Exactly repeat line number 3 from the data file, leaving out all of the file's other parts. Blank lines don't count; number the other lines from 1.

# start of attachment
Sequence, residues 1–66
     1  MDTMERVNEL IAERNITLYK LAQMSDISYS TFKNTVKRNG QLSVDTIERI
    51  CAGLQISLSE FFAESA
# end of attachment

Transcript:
    51  CAGLQISLSE FFAESA